Intestinal bacteria convert tryptophan mainly into indole through the action of the bacterial enzyme tryptophanase; the latter is induced by tryptophan itself [13]. Of note, in mammals, indole originates exclusively from bacterial metabolic activity since host cells do not have the metabolic capacity for the production of this compound [14]. Indole is synthesized from various Gram-positive and Gram-negative bacterial species, including Escherichia coli, Proteus Vulgaris, Clostridium spp., and Bacteroides spp. [14][15][16]. Tryptophan can also be converted directly or indirectly by the intestinal microbiota into several indole-related compounds, including indole-3-pyruvate, indole-3-lactate, indole-3-propionate, indole-3-acetamide, indole-3-acrylate, indole acetaldehyde, indole-3-acetate, indole-3-aldehyde, 3-methyl-indole (skatole), and indole-3-acetaldehyde [4][13][17][18][19][20]. However, the precise metabolic pathways involved in the stepwise conversion of tryptophan into these minor indolic compounds by the intestinal microbiota in the large intestine remain unclear. Regarding the bacterial species involved in their production, indole-3-propionate has been shown to be produced by Clostridium sporogenes [21]. Skatole is known to be produced by Clostridium spp. and Bacteroides spp. [15][22][23]. Other indolic compounds are produced by Bacteroides species, Peptostreptococcus spp. Lactobacillus spp., and Bifidobacterium spp. [15][24].
The fecal indole content has been measured in volunteers, but huge inter-individual differences exist between volunteers, ranging from 0.30 to 6.64 millimolar concentrations [25]. Such a large range is presumably due to differences in intestinal microbiota composition between volunteers and to different levels of dietary protein consumption [26]. Incidentally, since indole appears to be absorbed through the colonic epithelium [27], the concentration of indole in the colon is likely higher than that recorded in the feces, with concentrations higher in the distal large intestine than in the more proximal parts [28].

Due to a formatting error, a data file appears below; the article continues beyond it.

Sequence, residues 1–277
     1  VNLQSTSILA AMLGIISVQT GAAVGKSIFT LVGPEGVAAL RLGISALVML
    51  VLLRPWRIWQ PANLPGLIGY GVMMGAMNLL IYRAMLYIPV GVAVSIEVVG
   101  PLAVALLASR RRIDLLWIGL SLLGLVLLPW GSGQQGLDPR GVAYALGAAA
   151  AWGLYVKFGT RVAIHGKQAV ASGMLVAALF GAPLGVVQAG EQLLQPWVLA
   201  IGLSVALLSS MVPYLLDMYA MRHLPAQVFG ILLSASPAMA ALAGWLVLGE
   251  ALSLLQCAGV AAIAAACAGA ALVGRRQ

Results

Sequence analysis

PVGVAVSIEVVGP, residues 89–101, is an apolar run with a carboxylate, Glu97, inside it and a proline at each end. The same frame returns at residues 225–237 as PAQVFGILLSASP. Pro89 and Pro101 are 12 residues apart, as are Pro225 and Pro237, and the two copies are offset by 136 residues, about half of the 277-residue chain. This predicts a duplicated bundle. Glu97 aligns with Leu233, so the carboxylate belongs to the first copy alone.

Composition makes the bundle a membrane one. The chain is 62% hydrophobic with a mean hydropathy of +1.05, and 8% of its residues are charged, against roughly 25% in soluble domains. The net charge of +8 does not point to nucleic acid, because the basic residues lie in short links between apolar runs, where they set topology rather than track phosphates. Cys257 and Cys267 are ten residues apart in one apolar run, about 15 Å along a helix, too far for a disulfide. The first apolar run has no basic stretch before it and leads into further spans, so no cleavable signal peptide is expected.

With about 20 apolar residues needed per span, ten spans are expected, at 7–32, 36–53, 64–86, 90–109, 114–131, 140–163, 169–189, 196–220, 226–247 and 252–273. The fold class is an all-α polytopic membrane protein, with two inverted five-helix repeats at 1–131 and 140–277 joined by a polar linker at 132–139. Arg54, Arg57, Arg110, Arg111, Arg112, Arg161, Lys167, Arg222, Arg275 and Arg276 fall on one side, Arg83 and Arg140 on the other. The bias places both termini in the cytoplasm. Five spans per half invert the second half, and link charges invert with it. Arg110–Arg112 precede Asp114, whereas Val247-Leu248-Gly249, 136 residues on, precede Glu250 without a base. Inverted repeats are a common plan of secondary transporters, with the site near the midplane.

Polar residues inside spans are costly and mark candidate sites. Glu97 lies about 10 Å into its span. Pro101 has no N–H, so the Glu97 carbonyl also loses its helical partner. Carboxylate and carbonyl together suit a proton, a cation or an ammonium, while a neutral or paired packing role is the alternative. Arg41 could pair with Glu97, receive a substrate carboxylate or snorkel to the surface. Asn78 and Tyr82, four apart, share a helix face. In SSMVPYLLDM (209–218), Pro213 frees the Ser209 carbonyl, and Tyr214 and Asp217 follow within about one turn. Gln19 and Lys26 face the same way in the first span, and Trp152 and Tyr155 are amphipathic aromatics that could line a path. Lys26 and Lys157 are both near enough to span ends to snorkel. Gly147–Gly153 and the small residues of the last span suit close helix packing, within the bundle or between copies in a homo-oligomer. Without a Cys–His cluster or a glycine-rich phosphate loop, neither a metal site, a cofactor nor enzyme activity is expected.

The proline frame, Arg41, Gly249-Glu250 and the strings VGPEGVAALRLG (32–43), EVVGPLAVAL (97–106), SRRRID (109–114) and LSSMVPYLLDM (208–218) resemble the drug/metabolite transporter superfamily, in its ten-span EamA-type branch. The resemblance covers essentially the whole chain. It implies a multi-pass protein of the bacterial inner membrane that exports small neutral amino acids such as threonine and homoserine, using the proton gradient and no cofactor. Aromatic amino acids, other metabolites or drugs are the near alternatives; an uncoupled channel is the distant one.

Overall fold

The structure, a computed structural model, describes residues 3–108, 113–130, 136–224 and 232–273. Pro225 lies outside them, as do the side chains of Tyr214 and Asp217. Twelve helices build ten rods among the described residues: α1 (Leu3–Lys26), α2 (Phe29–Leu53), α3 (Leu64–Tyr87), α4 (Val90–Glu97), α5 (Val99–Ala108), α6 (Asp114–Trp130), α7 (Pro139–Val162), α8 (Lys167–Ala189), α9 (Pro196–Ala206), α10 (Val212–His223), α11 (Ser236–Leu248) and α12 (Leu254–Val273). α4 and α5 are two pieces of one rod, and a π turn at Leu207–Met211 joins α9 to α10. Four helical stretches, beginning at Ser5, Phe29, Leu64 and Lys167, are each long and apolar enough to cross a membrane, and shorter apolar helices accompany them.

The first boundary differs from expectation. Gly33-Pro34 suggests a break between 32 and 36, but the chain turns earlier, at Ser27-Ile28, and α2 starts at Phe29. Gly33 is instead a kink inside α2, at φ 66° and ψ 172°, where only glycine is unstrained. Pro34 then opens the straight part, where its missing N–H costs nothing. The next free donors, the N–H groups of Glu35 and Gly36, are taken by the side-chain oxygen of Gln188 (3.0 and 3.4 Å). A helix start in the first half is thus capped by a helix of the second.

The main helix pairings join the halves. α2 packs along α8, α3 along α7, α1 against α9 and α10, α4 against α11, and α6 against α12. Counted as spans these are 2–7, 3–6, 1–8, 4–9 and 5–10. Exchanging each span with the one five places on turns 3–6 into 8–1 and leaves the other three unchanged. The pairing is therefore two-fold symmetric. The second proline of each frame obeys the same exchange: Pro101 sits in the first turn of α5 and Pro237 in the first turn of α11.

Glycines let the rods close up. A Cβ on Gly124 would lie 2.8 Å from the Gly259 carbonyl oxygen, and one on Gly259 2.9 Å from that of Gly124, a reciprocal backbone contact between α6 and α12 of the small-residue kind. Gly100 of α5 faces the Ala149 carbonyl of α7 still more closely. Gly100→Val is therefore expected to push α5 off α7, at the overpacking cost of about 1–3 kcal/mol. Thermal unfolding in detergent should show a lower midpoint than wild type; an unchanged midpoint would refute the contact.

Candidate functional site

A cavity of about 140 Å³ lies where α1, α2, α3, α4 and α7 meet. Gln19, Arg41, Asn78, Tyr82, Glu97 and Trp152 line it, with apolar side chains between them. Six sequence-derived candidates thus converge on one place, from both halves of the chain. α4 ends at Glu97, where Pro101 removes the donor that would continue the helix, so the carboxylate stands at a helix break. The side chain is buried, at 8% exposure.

Fecal skatole concentration in healthy individuals averages 0.04 mM [29], but the concentration in the colonic content is again presumably higher since skatole is absorbed through the gut epithelium [30], and then released in the circulation [31]. In the pig model, skatole colonic concentration averages 0.23 mM [32]. Skatole concentration increases in the large intestine after a high-meat diet, or when luminal fermentation increases as a result of longer intestinal stasis [29]. In rodents, indole-3-propionate is found only in blood recovered from animals with intestinal microbiota, but not in blood originating from germ-free animals [33], thus reinforcing the view that this metabolite originates from the intestinal microbiota’s metabolic activity.

2. Indole and Indolic Compounds Are Involved in Intestinal Microbial Community Communication

Among amino acid-derived bacterial metabolites, indole has attracted growing interest since this compound is involved in bacterial physiology and metabolism in relationship with antibiotic resistance, virulence factors, sporulation, and biofilm formation [14][34][35][36]. Indeed, indole is a bacterial signal involved in the communication between bacteria within the same species and between bacteria of different species. It acts as an inter-and intra-cellular signal in bacterial ecosystems. Indole diminishes the related virulence of L. monocytogenes by reducing cell motility and aggregation [37]. Indole influences host cell invasion by non-indole-producing species, such as Salmonella enterica and P. aeruginosa, and the fungal species Candida albicans [38] In addition, indole reduces E. coli motility [39]. In another study, indole was shown to display bacteriostatic effects on lactic acid bacteria, while affecting their survival [40]. Of note, indole mitigates cytotoxicity by Klebsellia spp. by suppressing toxin production [41].